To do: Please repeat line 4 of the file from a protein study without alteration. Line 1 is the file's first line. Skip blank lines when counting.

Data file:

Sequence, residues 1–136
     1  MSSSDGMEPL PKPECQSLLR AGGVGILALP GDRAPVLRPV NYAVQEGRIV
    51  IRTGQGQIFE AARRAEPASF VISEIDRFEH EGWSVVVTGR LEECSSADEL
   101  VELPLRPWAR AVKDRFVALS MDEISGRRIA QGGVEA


   101  VELPLRPWAR AVKDRFVALS MDEISGRRIA QGGVEA